Space X's Falcon 9 rocket launched on Jan. 10, 2015 heading up to space from pad 40 at Cape Canaveral, Florida, carrying the Dragon CRS5 spacecraft on a resupply mission to the International Space Station (ISS).
Bruce Weaver/AFP/Getty

SpaceX rocket lifts off and lands with a crash 

SpaceX launched a Falcon 9 rocket that successfully put a Dragon cargo capsule in orbit on Saturday, but its unprecedented attempt to land the un-crewed rocket’s first stage at sea ended with a crash.

The primary goal of the launch was to send more than 5,000 pounds (2,300 kilograms) of supplies, equipment and experiments to the International Space Station aboard the Dragon. That part of the mission unfolded flawlessly.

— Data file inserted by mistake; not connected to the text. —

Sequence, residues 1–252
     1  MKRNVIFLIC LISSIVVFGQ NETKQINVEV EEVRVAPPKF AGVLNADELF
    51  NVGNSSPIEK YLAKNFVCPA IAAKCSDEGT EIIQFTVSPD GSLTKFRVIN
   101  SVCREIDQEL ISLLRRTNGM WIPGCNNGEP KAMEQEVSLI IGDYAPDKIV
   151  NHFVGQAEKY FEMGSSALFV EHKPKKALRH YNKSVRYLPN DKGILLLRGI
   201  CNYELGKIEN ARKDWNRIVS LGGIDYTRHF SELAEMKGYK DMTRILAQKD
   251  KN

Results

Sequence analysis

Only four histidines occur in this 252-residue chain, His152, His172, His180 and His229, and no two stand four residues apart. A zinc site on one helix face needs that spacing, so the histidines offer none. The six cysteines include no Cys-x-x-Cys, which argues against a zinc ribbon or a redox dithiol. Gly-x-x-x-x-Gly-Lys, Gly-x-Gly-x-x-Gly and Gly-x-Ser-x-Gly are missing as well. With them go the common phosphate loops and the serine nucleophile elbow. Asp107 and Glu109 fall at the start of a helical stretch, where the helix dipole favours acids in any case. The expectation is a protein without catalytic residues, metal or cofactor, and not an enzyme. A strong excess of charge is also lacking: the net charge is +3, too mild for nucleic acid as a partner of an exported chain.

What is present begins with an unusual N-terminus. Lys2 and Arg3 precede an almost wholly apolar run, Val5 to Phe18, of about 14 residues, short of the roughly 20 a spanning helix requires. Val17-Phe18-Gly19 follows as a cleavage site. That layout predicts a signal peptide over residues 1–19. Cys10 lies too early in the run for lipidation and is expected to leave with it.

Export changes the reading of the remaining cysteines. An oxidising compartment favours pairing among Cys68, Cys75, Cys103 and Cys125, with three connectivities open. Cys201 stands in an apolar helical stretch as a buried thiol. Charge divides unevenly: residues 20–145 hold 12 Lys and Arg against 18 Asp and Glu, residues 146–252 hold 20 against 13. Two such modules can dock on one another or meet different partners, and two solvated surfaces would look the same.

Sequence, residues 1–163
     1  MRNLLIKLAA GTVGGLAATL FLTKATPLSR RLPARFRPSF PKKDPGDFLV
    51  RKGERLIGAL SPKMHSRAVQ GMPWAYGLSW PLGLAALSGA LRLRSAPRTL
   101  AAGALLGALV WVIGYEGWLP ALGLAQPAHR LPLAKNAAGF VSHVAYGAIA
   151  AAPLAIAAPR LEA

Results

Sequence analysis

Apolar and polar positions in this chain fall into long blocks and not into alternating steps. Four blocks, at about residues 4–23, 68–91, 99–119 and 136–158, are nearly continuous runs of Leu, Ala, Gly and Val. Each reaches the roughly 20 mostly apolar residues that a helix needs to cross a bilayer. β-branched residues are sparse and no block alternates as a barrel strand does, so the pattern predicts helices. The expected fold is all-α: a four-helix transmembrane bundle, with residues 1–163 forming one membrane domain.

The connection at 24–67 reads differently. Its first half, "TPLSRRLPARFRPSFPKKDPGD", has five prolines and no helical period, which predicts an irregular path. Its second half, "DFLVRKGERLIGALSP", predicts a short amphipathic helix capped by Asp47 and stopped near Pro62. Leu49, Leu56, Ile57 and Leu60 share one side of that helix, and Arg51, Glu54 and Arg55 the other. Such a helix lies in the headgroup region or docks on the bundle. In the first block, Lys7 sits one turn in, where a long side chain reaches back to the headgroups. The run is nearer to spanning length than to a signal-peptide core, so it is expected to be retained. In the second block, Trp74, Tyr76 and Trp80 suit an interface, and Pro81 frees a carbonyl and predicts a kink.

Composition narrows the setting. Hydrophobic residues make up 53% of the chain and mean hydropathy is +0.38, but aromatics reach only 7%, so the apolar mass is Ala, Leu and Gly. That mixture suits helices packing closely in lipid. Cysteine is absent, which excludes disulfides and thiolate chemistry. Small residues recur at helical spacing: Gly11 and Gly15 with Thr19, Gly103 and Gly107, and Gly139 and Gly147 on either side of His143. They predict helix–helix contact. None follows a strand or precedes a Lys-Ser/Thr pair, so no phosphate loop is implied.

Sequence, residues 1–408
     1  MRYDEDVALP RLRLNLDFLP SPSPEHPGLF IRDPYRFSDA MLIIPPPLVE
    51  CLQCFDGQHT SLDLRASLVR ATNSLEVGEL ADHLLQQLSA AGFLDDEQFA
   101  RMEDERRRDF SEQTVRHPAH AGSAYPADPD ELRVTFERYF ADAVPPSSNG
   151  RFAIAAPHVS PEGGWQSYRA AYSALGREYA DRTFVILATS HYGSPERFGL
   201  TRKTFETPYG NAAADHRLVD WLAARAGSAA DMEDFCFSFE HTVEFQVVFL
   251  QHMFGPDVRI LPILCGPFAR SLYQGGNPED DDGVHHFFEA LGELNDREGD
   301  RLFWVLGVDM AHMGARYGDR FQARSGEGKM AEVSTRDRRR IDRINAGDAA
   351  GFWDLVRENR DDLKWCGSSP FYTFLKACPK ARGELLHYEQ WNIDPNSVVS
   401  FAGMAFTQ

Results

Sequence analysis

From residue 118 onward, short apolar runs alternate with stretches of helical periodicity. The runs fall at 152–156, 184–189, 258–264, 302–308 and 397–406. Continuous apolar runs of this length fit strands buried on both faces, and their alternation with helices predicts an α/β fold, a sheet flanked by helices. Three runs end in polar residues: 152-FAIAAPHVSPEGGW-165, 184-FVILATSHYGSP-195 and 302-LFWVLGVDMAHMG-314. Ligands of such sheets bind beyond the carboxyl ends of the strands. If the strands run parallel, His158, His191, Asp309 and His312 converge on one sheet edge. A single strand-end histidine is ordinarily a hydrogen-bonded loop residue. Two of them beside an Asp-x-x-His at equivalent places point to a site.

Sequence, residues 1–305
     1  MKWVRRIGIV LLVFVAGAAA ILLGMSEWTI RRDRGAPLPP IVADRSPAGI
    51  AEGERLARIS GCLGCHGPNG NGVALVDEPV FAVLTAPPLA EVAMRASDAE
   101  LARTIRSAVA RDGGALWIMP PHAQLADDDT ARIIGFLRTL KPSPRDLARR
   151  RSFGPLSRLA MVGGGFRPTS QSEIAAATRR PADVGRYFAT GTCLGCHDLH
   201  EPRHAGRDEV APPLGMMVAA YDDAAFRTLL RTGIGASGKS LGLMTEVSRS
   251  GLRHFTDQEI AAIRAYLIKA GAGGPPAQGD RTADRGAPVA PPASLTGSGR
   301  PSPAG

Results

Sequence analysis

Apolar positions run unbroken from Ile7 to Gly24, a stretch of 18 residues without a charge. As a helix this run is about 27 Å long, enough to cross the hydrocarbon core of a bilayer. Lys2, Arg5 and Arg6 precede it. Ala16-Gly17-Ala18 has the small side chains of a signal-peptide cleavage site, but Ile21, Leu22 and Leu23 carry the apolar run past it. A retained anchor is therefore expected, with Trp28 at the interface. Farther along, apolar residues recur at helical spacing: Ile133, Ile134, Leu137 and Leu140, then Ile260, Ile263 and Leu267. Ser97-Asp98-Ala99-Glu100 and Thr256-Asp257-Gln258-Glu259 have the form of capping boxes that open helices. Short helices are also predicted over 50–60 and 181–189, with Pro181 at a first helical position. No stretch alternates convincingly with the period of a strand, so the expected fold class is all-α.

After the Dragon and the Falcon’s second stage separated and went on their way, the 14-story-tall first stage was programmed to try flying itself back to an “autonomous spaceport drone ship” sitting about 200 miles off Florida’s Atlantic coast. SpaceX’s billionaire founder, Elon Musk, said in a Twitter update that the stage “made it to drone spaceport ship, but landed hard.”

“Close, but no cigar this time,” he said.

Such a maneuver had never been tried before — and if the procedure becomes routine, it could mark a giant leap toward rocket reusability and low-cost spaceflight. Musk has said making rockets fully reusable could reduce the cost of getting to orbit to 1% of what it is today. That would hasten Musk’s dream of creating colonies on Mars and making humanity a “multiplanet species.”

The Falcon 9 rose into a dark sky at 4:47 a.m. ET from Cape Canaveral Air Force Station in Florida. It almost blasted off on Tuesday — but a problem with an engine-steering actuator on the rocket’s second stage forced a last-minute scrub. SpaceX replaced the balky part, and Saturday’s countdown went smoothly.

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